There’s definitely no denying, the B word has definitely been a talking point of late, not just in the media, but within my close circle of friends too. Would you? Wouldn’t you? Have you? Has she? I promise it’s not as ‘Real Housewives of Cheshire’ as it sounds... But whilst I'm only 28, the reality is that the constant stream of late nights, binge drinking (sorry Mum) and falling asleep with a full face of makeup on, are all starting to show their effects.
A breast reduction with lift surgery combines two procedures to improve the size and shape of the breasts. A reduction involves decreasing the size of overly large breasts by removing excess tissue and skin. A breast lift is done in order to raise and reshape the breasts. The breast reduction and lift procedure helps to alleviate problems caused by overly large, sagging breasts, including:
On average, breast reduction costs between $6,500 and $12,000. This does not include additional expenses that may be involved such as any medical tests that must be done prior to surgery (e.g mammogram) surgical garments and pain medications. Many women who consider breast reduction also have other cosmetic procedures done at the same time such liposuction, breast lift and abdominoplasty to enhance the overall results. If additional procedures are performed at the same time, this could also increase your overall cost. However, there usually is a discounted rate surgeons offer for having multiple procedures performed at the same time.
It is also possible for implants to rupture and leak. If saline implants rupture, the saline will be safely absorbed by the body. A silicone leak may stay inside the implant shell or leak outside of the shell. When a saline implant ruptures, it will deflate. But silicone breast implants may cause no obvious symptoms when they rupture. This is called silent rupture.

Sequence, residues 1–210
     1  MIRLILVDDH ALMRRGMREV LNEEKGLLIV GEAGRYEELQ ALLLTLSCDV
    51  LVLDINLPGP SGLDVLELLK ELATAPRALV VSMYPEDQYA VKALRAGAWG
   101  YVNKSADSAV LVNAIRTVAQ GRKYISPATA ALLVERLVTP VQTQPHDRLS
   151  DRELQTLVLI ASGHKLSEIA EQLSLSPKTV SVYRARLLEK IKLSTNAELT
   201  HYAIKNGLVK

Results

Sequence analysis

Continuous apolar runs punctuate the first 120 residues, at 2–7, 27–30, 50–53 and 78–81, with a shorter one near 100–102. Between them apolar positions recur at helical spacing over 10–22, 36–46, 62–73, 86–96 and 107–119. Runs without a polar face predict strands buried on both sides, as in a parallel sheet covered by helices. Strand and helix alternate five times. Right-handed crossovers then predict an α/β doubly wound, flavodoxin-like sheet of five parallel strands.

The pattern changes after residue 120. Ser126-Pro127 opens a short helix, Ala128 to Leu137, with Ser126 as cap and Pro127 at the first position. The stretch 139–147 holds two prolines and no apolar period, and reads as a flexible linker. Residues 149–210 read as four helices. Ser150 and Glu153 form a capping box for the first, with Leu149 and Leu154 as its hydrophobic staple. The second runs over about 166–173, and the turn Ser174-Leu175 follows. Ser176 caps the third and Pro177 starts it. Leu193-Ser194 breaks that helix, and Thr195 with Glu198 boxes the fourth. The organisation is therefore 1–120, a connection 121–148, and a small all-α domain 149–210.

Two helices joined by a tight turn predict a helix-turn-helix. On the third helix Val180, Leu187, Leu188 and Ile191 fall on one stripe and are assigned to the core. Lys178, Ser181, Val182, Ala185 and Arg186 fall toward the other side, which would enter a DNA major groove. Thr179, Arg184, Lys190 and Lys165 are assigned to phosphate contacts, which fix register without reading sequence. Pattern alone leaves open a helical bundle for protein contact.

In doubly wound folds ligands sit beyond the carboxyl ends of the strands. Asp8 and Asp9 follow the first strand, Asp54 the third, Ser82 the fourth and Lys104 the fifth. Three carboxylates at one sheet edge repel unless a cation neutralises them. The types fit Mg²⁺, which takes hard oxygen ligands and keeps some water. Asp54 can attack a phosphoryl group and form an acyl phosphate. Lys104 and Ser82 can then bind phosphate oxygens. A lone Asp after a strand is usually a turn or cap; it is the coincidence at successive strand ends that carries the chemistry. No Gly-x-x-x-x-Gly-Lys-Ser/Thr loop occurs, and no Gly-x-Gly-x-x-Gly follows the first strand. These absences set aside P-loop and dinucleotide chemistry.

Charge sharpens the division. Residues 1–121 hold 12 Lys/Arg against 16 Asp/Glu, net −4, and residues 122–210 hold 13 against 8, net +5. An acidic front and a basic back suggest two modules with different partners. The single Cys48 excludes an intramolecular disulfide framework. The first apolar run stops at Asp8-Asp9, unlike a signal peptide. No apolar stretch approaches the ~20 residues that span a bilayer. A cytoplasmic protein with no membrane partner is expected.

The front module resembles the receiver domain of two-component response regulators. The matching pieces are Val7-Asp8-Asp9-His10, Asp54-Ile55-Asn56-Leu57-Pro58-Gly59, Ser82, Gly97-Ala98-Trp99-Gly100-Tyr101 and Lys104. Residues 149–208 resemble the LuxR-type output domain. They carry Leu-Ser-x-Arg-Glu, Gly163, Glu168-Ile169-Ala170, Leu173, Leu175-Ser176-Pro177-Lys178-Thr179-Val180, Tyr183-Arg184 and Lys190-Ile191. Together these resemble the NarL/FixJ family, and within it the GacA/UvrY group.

As with any sort of surgery there are always risks involved. The two most common risks for breast implant surgery are bleeding and infection. In general, the risk of bleeding is very low, and if it does happen, it will typically happen within the first 24 hours. Infection on the other hand, can take up to one to two weeks to before it will show itself. However, we take every possible precaution such as; using sterile equipment, sterile gowns, gloves, masks and many other safety precautions. The risk of infection is typically anywhere from two to three percent. So yes, there are risks and they can happen but they are very rare. One other risk that needs to be mentioned is the risk of using anesthesia. So yes, it can happen, but it’s exceedingly rare.
In the past, concerns emerged that silicone implants posed health risks, including an increased risk of systemic diseases such as lupus and arthritis. The Food and Drug Administration (FDA) placed a moratorium on silicone implants in 1992 so the safety of these devices could be studied. However, in 2006 the agency concluded that there was no evidence of risk and lifted the moratorium.